Recent developments

The topical calcineurin inhibitors tacrolimus and pimecrolimus are effective in treating SD.7-9 Both can be used twice daily initially and weaned down as the SD improves. Proactive treatment of adult facial SD to maintain remission with 0.1% tacrolimus ointment once or twice per week is also effective.9

Topical ketoconazole has been shown to be effective for long-term treatment, with a favourable safety profile.10 In this study, ketoconazole foam was used and no serious adverse events were reported, although 15% of participants reported treatment site related adverse events, such as pruritus, pain and irritation.

A recent study has revealed that topical ketoconazole may not act by decreasing actual malassezia numbers on affected skin but via ‘non-antifungal’ effects such as shifting host or fungal gene expression.11


Section 4: Prognosis

Infantile SD is self-limiting, normally resolving after a few months. However, SD may improve just as atopic dermatitis is starting, often with no discernible break between the two.

Adult SD is chronic. Most patients will find benefit from one of the above mentioned treatments. However, there is no cure and if treatment stops, SD can be expected to return.

Therapy may need to be stepped up to maintain control from time to time. This is due to the natural history of this chronic relapsing dermatosis and must be explained to patients at the outset.

Patients must find a level of maintenance therapy that keeps their SD at bay.

Physicians must ensure that the chosen regimen is safe over the long term, offering patients encouragement, support and changes in therapy as and when needed.


Section 5: Case study

A 29-year-old man presented with an itchy red rash on his cheeks that had been present for four months. He had been treating it with emollients, which had not helped. The rash had become progressively more itchy and spread over his cheeks.

The patient reported that this was causing cosmetic concern and was increasingly being noticed by friends and colleagues. He was otherwise well and took no regular medications.

On examination, scaly patches of erythema were seen on both cheeks, going into the nasolabial folds. Greasy scales were seen in the eyebrows. A fine scale was seen coating the scalp, and the patient said he had always had some 'dandruff'.

Fine telangiectasia and a few inflammatory papules were also noted on the face. On further questioning, the patient said he had noted a few pustules in the area in the past and often noticed facial flushing. Examination of the rest of the integument and oral mucosa was unremarkable.

A diagnosis of facial and scalp SD was made, but there was also evidence of acne rosacea. A three-month course of oral lymecycline 408mg daily was advised, with topical ketoconazole cream twice daily to affected areas on the face, aiming to wean this down to once or twice per week over the following few weeks as the rash improved.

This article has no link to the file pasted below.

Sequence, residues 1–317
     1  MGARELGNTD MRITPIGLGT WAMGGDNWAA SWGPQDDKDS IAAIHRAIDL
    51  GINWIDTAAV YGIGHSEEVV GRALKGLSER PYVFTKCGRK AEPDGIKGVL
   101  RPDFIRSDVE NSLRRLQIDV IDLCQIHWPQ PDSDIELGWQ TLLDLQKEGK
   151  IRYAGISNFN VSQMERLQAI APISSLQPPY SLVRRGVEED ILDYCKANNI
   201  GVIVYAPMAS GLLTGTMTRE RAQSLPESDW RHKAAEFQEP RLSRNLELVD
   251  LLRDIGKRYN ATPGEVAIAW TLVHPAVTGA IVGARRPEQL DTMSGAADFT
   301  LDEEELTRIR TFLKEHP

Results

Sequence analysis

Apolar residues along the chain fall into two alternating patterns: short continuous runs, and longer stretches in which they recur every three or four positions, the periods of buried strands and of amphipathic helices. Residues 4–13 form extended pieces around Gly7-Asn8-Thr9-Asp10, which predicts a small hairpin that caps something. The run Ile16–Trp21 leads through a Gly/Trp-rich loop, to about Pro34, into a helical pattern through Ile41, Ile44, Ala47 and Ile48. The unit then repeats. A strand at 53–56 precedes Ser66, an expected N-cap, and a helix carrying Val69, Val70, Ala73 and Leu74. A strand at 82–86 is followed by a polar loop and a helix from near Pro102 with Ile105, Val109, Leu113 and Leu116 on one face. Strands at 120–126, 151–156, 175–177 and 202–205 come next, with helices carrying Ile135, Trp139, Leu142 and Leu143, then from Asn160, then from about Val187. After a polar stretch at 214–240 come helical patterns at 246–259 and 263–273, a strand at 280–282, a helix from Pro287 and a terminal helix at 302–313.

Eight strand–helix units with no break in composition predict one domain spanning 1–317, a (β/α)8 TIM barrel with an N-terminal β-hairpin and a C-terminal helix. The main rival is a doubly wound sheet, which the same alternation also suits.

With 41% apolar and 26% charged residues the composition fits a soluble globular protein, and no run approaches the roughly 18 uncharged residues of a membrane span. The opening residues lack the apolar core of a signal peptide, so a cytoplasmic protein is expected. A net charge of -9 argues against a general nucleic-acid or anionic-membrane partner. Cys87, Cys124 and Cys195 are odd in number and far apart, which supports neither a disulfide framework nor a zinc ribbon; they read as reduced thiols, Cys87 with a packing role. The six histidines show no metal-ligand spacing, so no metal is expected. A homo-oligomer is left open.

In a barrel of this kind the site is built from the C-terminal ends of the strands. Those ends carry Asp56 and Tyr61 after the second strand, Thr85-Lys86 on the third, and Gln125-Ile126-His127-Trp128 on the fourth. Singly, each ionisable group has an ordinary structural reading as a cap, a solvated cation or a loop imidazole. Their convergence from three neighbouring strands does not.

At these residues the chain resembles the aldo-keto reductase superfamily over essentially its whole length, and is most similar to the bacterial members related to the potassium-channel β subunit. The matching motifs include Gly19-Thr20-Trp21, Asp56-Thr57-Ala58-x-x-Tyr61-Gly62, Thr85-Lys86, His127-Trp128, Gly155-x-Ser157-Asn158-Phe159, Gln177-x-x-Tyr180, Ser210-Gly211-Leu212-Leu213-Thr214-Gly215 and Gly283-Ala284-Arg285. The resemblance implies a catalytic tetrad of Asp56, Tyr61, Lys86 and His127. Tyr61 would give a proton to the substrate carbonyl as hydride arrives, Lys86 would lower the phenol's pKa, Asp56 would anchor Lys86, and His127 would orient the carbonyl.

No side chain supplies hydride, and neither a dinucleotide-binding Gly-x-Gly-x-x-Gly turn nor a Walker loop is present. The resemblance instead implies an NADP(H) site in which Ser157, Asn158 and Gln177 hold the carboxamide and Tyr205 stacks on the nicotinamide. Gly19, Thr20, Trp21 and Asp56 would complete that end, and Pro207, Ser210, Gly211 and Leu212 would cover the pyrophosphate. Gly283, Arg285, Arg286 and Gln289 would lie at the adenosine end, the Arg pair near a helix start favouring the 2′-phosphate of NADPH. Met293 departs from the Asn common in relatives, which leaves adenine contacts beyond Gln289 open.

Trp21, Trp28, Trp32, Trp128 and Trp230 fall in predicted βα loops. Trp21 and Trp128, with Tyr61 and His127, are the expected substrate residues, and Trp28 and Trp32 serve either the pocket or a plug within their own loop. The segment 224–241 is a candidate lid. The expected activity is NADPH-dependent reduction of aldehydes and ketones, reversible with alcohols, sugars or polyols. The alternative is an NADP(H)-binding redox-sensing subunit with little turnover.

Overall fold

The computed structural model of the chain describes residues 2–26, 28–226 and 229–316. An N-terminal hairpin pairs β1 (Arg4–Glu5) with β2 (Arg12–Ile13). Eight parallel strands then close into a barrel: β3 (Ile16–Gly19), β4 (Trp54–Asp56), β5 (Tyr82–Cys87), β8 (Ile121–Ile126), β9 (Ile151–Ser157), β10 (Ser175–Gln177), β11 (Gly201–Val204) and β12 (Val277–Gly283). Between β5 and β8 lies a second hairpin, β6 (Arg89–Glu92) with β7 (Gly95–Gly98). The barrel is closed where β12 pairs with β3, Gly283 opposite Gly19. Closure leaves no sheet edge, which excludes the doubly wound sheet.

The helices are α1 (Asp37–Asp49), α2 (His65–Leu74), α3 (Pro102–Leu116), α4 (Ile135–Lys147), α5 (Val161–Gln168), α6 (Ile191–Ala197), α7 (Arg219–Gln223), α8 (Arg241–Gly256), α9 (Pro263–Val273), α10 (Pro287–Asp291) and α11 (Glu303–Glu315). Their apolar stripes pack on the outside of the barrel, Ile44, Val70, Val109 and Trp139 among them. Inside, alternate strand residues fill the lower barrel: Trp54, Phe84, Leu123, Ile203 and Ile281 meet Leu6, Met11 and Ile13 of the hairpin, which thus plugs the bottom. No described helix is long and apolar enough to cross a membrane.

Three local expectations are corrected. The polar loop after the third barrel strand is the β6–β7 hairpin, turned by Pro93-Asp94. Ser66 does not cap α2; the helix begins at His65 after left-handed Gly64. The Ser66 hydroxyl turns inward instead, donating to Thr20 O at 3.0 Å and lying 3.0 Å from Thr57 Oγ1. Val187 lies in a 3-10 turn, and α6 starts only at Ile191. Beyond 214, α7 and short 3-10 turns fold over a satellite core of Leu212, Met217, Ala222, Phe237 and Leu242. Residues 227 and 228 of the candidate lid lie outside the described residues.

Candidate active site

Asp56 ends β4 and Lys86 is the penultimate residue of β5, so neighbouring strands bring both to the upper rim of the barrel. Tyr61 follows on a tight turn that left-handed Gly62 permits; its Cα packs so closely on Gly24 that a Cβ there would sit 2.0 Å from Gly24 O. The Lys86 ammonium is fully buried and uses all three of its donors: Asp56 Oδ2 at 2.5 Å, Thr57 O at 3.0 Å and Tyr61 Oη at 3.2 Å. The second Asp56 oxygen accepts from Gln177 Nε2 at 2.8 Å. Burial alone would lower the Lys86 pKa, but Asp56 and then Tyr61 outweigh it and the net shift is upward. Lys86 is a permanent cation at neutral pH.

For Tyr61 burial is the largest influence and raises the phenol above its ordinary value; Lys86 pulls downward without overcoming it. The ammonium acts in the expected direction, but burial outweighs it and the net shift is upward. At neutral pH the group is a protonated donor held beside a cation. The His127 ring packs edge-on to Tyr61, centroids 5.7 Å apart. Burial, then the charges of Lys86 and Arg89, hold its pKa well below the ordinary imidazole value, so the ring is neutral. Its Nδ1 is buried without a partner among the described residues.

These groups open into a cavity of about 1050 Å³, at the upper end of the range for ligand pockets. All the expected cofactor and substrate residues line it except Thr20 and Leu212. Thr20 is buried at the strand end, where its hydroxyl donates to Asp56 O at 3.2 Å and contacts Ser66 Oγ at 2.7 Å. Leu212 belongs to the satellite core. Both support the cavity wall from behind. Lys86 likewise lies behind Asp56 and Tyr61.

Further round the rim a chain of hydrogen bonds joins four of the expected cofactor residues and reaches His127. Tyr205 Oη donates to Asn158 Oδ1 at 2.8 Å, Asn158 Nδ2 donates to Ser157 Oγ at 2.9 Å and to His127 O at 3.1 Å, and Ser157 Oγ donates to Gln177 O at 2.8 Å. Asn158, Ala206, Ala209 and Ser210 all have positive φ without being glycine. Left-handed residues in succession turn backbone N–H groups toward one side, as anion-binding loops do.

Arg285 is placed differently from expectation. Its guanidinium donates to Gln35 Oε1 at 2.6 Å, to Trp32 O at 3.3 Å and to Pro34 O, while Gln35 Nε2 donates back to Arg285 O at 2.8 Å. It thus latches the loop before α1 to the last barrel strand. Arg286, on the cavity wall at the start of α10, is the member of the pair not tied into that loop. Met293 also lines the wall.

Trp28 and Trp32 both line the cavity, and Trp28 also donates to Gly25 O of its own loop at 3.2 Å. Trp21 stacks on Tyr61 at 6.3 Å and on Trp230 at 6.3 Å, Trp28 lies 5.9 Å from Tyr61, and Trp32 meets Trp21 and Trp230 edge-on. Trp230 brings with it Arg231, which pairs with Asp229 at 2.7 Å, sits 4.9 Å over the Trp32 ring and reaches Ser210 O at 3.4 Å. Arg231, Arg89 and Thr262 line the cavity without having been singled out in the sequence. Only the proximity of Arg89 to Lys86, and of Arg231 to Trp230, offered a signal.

Furthermore, daily facial washing to remove greasy scales and use of a shampoo twice a week, leaving on the scalp for five minutes before washing off, was also advised.

Topical corticosteroids were avoided because they could worsen the rosacea, which lymecycline was prescribed specifically to target. Interestingly, metronidazole gel has been found to be effective in SD and could be trialled in this case in the future if needed.12 Follow-up was arranged at three months.


Section 6: Evidence base

Clinical trial

  • Kim TW, Mun JH, Jwa SW et al. Proactive treatment of adult facial seborrhoeic dermatitis with 0.1% tacrolimus ointment. Acta Derm Venereol 2013; doi: 10.2340/00015555-1532

Key texts

  • Burns T, Breathnach S, Cox N et al (eds). Rook's Textbook of Dermatology (eighth edition). Oxford, Wiley-Blackwell, 2010.
  • Lebwohl MG, Heymann WR, Berth-Jones J et al. Treatment of Skin Disease (third edition). Philadelphia, Saunders, 2009.

Online

DermNet NZ. Seborrhoeic dermatitis

Suggested further CPD activity

These further action points may allow you to earn more credits.

  • The prevalence of SD is not currently determined. Consider a monthly count of patients seen with the condition at your practice.
  • Discuss with colleagues the management of SD and consider creating a standardised practice formulary.
  • Review a sample of 10 patients with a diagnosis of SD and ensure they have been consistently diagnosed and managed.

Take a test and add notes to your CPD Organiser on MIMS Learning

  • Contributed by Dr James Powell, dermatology registrar at University Hospital Birmingham.

This is an updated version of an article that was first published in May 2013.

References

  1. Hay RJ, Graham-Brown RA. Dandruff and seborrhoeic dermatitis: causes and management. Clin Exp Dermatol 1997; 22: 3-6.
  2. Gaitanis G, Velegraki A, Alexopoulos EC et al. Distribution of Malassezia species in pityriasis versicolor and seborrhoeic dermatitis in Greece. Typing of the major pityriasis versicolor isolate M. globosa. Br J Dermatol 2006; 154: 854-9.
  3. Stratigos JD, Antoniou C, Katsambas A et al. Ketoconazole 2% cream versus hydrocortisone 1% cream in the treatment of seborrheic dermatitis. J Am Acad Dermatol 1988; 19: 850-3.
  4. Faergemann J. Seborrhoeic dermatitis and Pityrosporum orbiculare: treatment of seborrhoeic dermatitis of the scalp with miconazole-hydrocortisone (Daktacort), miconazole and hydrocortisone. Br J Dermatol 1986; 114: 695-700.
  5. Baysal V, Yildirim M, Ozcanli C et al. Itraconazole in the treatment of seborrheic dermatitis: a new treatment modality. Int J Dermatol 2004; 43: 63-6.
  6. Del Rosso JQ. Adult seborrhoeic dermatitis. A status report on practice topical management. J Clin Aesthet Dermatol 2011; 4: 32-8.
  7. Meshkinpour A, Sun J, Weinstein G. An open pilot study using tacrolimus ointment in the treatment of seborrheic dermatitis. J Am Acad Dermatol 2003; 49: 145-7.
  8. Rigopoulos D, Ioannides D, Kalogeromitros D et al. Pimecrolimus cream 1% vs. betamethasone 17-valerate 0.1% cream in the treatment of seborrhoeic dermatitis. Br J Dermatol 2004; 151: 1071-5.
  9. Kim TW, Mun JH, Jwa SW et al. Proactive treatment of adult facial seborrhoeic dermatitis with 0.1% tacrolimus ointment. Acta Derm Venereol 2013; doi: 10.2340/00015555-1532.
  10. Draelos ZD, Feldman SR, Butners V et al. Long-term safety of ketoconazole foam, 2% in the treatment of seborrheic dermatitis. J Drugs Dermatol 2013; 12: e1-6.
  11. Zani MB, Soares RC, Arruda ACBB, Paulino LC.  Ketoconazole does not decrease fungal amount in paients with seborrheic dermatitis.  Br J Dermatol 2016; 175: 417-421.
  12. Seckin D, Gurbuz O, Akin O. Metronidazole 0.75% gel vs. ketoconazole 2% cream in the treatment of facial seborrheic dermatitis. J Eur Acad Dermatol Venereol 2007; 21: 345-50.